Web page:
SingPass transactions doubled in 2020 with more people going digital during Covid-19 pandemic

SINGAPORE – Amid the Covid-19 pandemic, the number of transactions using the SingPass national authentication system, as well as the number of SingPass app users, has increased sharply.

Transactions facilitated by SingPass last year doubled to over 170 million, as more people turned to digital transactions during the pandemic, the Government Technology Agency (GovTech), which developed the system, said on Thursday (March 4).

SingPass is used to access government e-services, including checking Central Provident Fund balances and applying for public housing.

It now powers more than 1,400 services offered by over 340 public and private sector organisations.

The number of people using the SingPass mobile app also tripled in the past year to 2.5 million, of which over 90 per cent use the app at least once a month. The SingPass app was one of the most downloaded ones here last year, said GovTech.

The agency added that SingPass has “played an important role in the fight against Covid-19” and has supported pandemic contact tracing efforts with SafeEntry check-ins through the SingPass app.

GovTech gave this update as it launched a new logo for SingPass, a first in the 18 years since the service was introduced in 2003. The SingPass website and app will be updated with the new logo from Sunday.

At the heart of this rebranding is delivering an “even better SingPass that offers new features and provides convenient access to a larger range of services”, said GovTech.

The agency noted that in the last three years, more than 10 features have been added to SingPass.

These include the launch of the SingPass app in 2018 and upgrading SingPass to the digital equivalent of the NRIC. This means that, in some cases, the SingPass app can replace the physical NRIC to verify a person’s identity, or reduce the need to fill in personal details with forms.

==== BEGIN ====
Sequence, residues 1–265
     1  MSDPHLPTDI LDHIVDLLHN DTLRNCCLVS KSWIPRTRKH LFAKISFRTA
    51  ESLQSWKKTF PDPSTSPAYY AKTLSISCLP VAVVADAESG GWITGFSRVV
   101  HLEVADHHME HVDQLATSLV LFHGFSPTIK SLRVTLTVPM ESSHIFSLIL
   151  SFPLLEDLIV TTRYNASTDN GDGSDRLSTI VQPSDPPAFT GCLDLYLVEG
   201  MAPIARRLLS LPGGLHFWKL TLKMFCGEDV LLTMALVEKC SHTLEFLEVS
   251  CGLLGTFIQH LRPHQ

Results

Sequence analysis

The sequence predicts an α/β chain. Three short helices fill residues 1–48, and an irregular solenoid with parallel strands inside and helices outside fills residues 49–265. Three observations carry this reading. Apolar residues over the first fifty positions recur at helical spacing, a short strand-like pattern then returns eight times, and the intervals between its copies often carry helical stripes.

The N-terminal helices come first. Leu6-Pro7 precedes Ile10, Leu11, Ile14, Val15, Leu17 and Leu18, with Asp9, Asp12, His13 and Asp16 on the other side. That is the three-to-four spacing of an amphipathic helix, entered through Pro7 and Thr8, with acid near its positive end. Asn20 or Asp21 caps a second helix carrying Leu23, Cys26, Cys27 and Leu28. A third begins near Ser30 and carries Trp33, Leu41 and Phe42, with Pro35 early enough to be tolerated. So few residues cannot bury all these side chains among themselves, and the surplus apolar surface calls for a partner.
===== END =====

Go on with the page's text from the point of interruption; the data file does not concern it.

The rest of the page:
The SingPass app stores, in one place, a user’s NRIC barcode and personal details such as driver’s licence number, marriage certificate number, birth records of children, property ownership data and Central Provident Fund records.

Using the SingPass app to access these personal details or online government services is secured by the user having to key in a six-digit passcode into the app, or confirming with biometrics by scanning a fingerprint or the face with the app.

This is possible after the user has already keyed in his username and password to set up the app.

One example of using SingPass to verify a person’s identity is registering at Punggol Polyclinic. A person can launch his SingPass app, use it to scan a QR code at the polyclinic, then verify his identify with the app by keying in his six-digit passcode or using a biometric scan.

In future, the SingPass app could also be used for age verification to sell alcoholic beverages from vending machines. This is similarly done by scanning a QR code and then authenticating with a person’s passcode or biometric scan with the app to confirm he has reached the legal age to buy alcohol.

GovTech noted that using SingPass for customer log-ins “removes the need for organisations to maintain their own authentication platforms”. Users can also “avoid the hassle of managing many different sets of credentials”.

In December last year, the agency also announced a new feature that allows SingPass to be used for two-factor authentication by scanning a person’s face.

This Face Verification feature has also been used by DBS Bank to allow small and medium-sized enterprise owners to face a camera to authenticate and verify their information while setting up a corporate account online with the bank.

Another new SingPass feature is Sign, which was launched last November. It allows users to sign legal and business documents virtually.

A person can do this by using the SingPass app to scan a unique QR code for an online document ready for signing on his computer, then scanning the face or fingerprint with the app to authenticate and complete the digital signing.

The signature is encrypted and identity is automatically validated against the government’s database at the point of signing.

GovTech said on Thursday that “digitalising everyday transactions saves time for both residents and businesses as users no longer have to submit hardcopy documents and streamlined processes result in quicker approvals for applications”.

To ensure SingPass services are easily accessible, the agency added that key transaction pages on the SingPass website and app will be available in the four official languages – English, Chinese, Malay and Tamil – by the end of this year.

Users without smartphones will also be able to authenticate with SingPass by receiving a one-time password through SMS, or by scanning their faces with the SingPass Face Verification feature on Web browsers or at kiosks.

Mr Kwok Quek Sin, GovTech’s senior director for National Digital Identity, said the agency would continue to roll out new products and features on the SingPass national digital identity platform.

“The new (SingPass) brand offers an exciting glimpse into the possibilities and future of our Smart Nation – one that is enabled by the trusted national digital identity, a platform which we can rely on for all of our transactions,” said Mr Kwok.